Monitoring tools

COPCAT Shorts – New Dignity Fact Sheet

Dignity – Danish Institute Against Torture has unleashed on the torture-prevention world a brand new Fact Sheet. Published as No. 10 in Dignity’s superbly useful series of Legal Fact Sheets, its focus on Prisoner Contact Rights offers a succinct overview of this topic, citing various relevant international standards such as, among others, the UN Nelson Mandela Rules.

New Dignity Fact Sheet on Prisoner Contact Rights (November 2019).

Dignity’s entire collection of Legal Fact Sheets merit closer examination by detention monitors and human rights actors alike. To date, this distinguished Copenhagen-based international NGO has covered an array of important topics, including the following:

Legal No. 1 – Defining Torture

Legal No. 2 – Redressing Torture

Legal No. 3 – Preventing Torture

Legal No. 4 – Investigating Torture

Legal No. 5 – Criminalizing Torture

Legal No. 6 – Prosecuting Torture

Legal No. 7 – Safeguards in Police Custody

Legal No. 8 – Torture & Migration

Legal No. 9 – Pre-Trial Detention

Additionally, Dignity has also produced a non-numbered Fact Sheet on Corruption & Torture, a topic of concern highlighted on this website. If that were not enough for the over-worked, time-poor and possibly under-paid, but highly thought-of reader, the organization has published a whole range of other useful resources relating to the prevention of torture, not least on the broader issues of health and rehabilitation.

For Canadian readers perhaps less familiar with Dignity, now some 37 years into their existence, why not explore the organization’s website. After all, what is there not to like about this exceedingly fine international human rights organization?!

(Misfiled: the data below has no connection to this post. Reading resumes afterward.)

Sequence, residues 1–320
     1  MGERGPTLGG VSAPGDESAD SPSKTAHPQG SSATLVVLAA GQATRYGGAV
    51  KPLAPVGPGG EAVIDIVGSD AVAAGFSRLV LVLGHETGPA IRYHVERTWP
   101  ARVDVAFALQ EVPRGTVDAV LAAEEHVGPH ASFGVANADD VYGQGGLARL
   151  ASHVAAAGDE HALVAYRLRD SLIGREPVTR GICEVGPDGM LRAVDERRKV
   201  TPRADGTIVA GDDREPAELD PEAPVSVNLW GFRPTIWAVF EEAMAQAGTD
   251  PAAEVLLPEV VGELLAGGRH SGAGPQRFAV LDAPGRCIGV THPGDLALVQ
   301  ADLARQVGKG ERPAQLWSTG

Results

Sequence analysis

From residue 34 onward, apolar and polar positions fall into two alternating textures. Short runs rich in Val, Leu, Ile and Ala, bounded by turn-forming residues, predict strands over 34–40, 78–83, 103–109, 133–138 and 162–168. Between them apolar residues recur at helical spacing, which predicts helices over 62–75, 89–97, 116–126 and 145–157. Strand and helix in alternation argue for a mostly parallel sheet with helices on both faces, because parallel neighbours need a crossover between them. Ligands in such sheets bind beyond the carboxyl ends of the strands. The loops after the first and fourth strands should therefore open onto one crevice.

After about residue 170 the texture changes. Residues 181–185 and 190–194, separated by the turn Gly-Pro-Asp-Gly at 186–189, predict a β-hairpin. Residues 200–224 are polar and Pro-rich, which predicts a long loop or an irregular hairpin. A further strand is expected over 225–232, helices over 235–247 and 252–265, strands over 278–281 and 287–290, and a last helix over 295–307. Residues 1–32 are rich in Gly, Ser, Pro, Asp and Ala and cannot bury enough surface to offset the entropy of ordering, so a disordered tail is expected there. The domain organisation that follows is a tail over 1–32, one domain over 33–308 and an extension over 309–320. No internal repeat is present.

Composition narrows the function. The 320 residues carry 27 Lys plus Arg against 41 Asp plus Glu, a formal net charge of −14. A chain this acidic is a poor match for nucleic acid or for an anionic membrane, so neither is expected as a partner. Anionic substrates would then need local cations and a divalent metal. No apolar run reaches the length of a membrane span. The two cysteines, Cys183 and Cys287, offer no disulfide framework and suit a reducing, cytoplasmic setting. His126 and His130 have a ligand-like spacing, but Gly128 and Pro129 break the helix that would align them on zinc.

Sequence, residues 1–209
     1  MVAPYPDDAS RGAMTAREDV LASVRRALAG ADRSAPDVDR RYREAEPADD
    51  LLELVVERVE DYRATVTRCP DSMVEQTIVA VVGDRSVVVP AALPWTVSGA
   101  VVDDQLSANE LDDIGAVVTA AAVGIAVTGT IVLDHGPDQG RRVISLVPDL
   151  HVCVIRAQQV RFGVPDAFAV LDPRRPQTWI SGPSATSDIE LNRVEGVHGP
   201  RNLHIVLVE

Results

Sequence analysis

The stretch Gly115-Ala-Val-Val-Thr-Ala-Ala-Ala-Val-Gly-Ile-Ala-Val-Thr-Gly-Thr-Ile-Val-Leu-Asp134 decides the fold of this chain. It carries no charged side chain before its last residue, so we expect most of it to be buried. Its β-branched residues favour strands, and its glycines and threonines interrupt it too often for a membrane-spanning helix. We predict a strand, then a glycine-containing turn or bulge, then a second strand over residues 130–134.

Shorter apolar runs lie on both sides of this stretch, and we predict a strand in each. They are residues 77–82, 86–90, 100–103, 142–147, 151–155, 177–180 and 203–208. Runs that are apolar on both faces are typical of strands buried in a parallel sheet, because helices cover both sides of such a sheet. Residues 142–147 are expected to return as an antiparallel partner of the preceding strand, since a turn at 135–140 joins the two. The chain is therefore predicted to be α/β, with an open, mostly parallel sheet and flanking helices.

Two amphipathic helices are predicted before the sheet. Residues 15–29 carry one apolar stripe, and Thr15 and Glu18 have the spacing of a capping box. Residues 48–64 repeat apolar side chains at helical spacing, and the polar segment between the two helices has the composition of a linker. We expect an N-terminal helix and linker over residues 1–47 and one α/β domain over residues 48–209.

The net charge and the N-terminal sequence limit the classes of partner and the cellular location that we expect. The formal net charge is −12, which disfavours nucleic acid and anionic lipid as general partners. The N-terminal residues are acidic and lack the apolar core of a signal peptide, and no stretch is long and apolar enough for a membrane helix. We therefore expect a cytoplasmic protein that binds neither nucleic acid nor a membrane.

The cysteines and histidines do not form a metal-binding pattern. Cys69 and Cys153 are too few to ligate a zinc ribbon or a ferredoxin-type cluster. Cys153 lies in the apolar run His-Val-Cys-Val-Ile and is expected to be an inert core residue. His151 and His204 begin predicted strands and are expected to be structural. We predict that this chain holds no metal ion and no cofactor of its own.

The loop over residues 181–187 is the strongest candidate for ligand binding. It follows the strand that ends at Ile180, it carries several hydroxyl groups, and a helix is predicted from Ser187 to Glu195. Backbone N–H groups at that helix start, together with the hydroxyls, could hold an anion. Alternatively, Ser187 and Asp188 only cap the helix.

Read more about Dignity – Danish Institute Against Torture, including its long history.

Explore Dignity’s 10 different Legal Fact Sheets and other publications.

Learn more about the UN Nelson Mandela Rules and UNODC’s related posters.

Check out this website’s ‘Other Resources’ for more tools and reports about deprivation of liberty.

Posted by mp

COPCAT Shorts – New Online Course on CPT Detention Monitoring Standards

A new free online course on the standards developed by the European Committee for the Prevention of Torture and Inhuman or Degrading Treatment or Punishment (CPT) is now available. The course aims to familiarize human rights actors with the CPT’s key standards concerning the five most important places of deprivation of liberty – police stations, prisons, immigration detention facilities, psychiatric establishments and social care homes.